On July 15th, we took a day trip to Oxford to visit two of the libraries on campus. We first went to the Bodleian Library, which is the most famous of the Oxford University libraries and the largest. It is a research library for all of the colleges at Oxford and it has world-renowned collections. It is also a legal deposit library for the United Kingdom and thus they have around 11 million volumes in their collection. However, we weren’t able to actually see any of the materials that the Bodleian has on our tour—we were just able to take the tour for the general public—this is probably so visitors don’t disturb those who are actually trying to work.
We had a very nice and informed tour guide and learned a lot about how Oxford operates and the history of the university. Oxford University was founded in the twelfth century after English scholars were expelled from the University of Paris. Oxford University is made up of thirty-eight colleges, all of which are autonomous and financially self-sufficient under the umbrella of the university; each college offers numerous subjects of study and each subject normally has 10-12 students studying at one time. Each student has to meet with a fellow within their subject once per week; they usually have to write a paper on a certain topic for the student and fellow to discuss that week; there are also lectures that students can attend to aid in their learning. The oldest colleges date back to the 13th century, and these include Balliol and Merton.
The first library at Oxford opened in about 1320, it was added to the University Church of Saint Mary the Virgin on the upper floor--this was because the risk of rising water from the river was too great. This library was used for about 100 years. In the 1430s, Duke Humfrey of Gloucester donated a large collection of books, and the library did not have the storage capacity for the collection, so they built a room above the Divinity School which is still known as Duke Humfrey's Library. The support for libraries was in decline in the 15th and 16th centuries, and much of the furniture and collections were sold or ruined; only three books from the original collection still remain in the library.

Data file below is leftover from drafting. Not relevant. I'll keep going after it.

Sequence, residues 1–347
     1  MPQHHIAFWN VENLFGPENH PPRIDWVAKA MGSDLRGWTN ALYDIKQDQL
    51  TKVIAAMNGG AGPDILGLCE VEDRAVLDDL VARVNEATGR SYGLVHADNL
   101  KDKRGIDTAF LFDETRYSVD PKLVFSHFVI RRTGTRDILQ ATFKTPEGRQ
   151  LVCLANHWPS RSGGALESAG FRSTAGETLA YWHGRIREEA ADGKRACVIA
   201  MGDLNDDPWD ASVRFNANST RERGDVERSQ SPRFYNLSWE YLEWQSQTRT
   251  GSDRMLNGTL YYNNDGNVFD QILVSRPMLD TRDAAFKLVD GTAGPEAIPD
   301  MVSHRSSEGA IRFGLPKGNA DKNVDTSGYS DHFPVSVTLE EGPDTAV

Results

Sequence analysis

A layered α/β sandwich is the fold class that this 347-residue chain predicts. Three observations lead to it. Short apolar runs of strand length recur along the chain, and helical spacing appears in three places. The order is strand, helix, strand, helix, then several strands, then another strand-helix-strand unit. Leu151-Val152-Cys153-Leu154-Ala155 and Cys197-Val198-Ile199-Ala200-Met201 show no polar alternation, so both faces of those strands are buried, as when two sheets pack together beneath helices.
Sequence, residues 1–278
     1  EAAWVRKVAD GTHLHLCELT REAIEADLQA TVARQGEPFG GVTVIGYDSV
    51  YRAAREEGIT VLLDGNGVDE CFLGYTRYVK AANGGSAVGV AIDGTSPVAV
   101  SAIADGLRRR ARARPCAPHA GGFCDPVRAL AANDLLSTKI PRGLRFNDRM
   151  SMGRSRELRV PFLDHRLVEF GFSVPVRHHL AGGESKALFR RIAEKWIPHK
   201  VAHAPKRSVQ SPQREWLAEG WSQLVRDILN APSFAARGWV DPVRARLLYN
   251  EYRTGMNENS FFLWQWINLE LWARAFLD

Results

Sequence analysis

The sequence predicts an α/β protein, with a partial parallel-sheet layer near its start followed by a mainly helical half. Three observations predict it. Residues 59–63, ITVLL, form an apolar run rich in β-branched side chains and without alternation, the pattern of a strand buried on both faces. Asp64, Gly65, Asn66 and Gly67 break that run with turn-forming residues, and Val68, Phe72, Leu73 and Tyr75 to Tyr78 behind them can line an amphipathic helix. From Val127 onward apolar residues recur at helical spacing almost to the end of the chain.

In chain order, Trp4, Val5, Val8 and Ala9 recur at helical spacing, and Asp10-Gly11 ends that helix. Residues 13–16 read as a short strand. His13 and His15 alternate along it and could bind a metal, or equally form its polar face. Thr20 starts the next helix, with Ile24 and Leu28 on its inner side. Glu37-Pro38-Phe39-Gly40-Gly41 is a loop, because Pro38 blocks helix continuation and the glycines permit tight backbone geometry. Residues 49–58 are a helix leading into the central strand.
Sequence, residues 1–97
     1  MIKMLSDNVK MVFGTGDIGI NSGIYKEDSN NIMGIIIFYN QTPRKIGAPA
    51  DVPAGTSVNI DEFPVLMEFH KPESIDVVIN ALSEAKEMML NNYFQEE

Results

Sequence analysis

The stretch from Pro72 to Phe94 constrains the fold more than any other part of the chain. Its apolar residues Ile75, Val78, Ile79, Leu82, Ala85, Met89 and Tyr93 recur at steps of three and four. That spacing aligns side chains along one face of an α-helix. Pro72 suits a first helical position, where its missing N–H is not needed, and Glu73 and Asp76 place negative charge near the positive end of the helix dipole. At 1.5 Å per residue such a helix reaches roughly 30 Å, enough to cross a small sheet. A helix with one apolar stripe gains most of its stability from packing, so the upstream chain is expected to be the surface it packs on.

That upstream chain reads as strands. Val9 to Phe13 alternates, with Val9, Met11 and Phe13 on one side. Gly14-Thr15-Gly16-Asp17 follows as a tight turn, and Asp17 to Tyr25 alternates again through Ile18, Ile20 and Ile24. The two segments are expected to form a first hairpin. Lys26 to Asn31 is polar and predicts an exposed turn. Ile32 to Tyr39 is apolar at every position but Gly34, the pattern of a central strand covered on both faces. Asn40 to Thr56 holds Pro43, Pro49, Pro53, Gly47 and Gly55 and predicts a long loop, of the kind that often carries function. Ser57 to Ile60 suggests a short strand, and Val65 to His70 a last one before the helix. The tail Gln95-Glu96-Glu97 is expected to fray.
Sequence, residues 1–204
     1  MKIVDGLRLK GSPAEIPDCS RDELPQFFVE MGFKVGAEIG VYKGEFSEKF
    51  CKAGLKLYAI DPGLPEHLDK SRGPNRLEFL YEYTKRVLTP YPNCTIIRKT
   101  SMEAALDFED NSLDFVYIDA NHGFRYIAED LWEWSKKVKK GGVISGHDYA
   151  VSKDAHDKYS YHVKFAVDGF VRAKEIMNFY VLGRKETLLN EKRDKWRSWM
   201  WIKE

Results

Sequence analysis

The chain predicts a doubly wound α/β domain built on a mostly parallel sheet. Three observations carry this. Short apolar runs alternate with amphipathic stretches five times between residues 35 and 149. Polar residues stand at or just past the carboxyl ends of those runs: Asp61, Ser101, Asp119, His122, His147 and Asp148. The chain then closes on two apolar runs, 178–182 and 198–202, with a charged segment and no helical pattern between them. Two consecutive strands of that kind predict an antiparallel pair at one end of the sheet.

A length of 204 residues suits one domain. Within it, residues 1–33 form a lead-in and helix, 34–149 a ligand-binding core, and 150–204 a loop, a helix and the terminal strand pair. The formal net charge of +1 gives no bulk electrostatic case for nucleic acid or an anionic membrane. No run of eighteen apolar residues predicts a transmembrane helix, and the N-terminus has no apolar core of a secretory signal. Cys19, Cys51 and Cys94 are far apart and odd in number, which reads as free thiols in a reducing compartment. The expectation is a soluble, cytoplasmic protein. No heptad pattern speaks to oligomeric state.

In the late 16th century, Thomas Bodley, a former fellow at Merton College, offered to reestablish the university library. Bodley paid to refurbish the Duke Humfrey's library and he donated some of his sizable collection to the library. Bodley also made an agreement with the Stationer's Company to have a copy of every book registered with them donated to the Bodleian, and due to this and other large donations, the library has expanded into multiple buildings with many off-site storage facilities.
The Bodleian library is primarily a reference library; no books can be lent from the library and there are closed stacks with several reading rooms. Each of the thirty-eight colleges has its own library and each department within the college also has a library from which books are lent. The books are arranged using a shelf-numbering system, with the bay and shelf number marked. All Oxford University students and faculty are able to use the Bodleian as are academic researchers who are either postgraduate students or affiliated with an institution. Undergraduate students and non-university researchers must prove that it is critical to their research to use the Bodleian. Undergraduates from other institutions can only use the library during university breaks. All non-Oxford researchers must pay a fee to use the library; one can choose to pay for one week to four years admission.
I thought that the tour was very interesting, and that we learned a lot about Oxford history and education within the university system in Britain. We also learned a lot about the architecture of the buildings and the history of the Bodleian; I wish we could have learned more about the current and special collections that the library owns, and their current preservation practices, so that we could have compared the Bodleian with the British Library, London Library, and other like institutions with very old books (which seems to be every library in the UK!) I wish we could have seen more, but its probably not often that they allow non-affiliated groups to tour the special collections and library.